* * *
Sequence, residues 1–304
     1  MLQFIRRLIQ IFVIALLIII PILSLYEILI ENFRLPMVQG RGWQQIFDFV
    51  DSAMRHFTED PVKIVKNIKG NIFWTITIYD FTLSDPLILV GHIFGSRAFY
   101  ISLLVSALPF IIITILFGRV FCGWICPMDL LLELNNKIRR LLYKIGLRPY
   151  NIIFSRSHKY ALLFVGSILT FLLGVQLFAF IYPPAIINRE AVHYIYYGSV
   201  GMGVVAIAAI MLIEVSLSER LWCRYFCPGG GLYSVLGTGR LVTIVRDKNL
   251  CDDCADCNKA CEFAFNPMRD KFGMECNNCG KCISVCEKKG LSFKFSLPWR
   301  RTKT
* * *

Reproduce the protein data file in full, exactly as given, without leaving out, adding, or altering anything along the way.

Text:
Sequence, residues 1–304
     1  MLQFIRRLIQ IFVIALLIII PILSLYEILI ENFRLPMVQG RGWQQIFDFV
    51  DSAMRHFTED PVKIVKNIKG NIFWTITIYD FTLSDPLILV GHIFGSRAFY
   101  ISLLVSALPF IIITILFGRV FCGWICPMDL LLELNNKIRR LLYKIGLRPY
   151  NIIFSRSHKY ALLFVGSILT FLLGVQLFAF IYPPAIINRE AVHYIYYGSV
   201  GMGVVAIAAI MLIEVSLSER LWCRYFCPGG GLYSVLGTGR LVTIVRDKNL
   251  CDDCADCNKA CEFAFNPMRD KFGMECNNCG KCISVCEKKG LSFKFSLPWR
   301  RTKT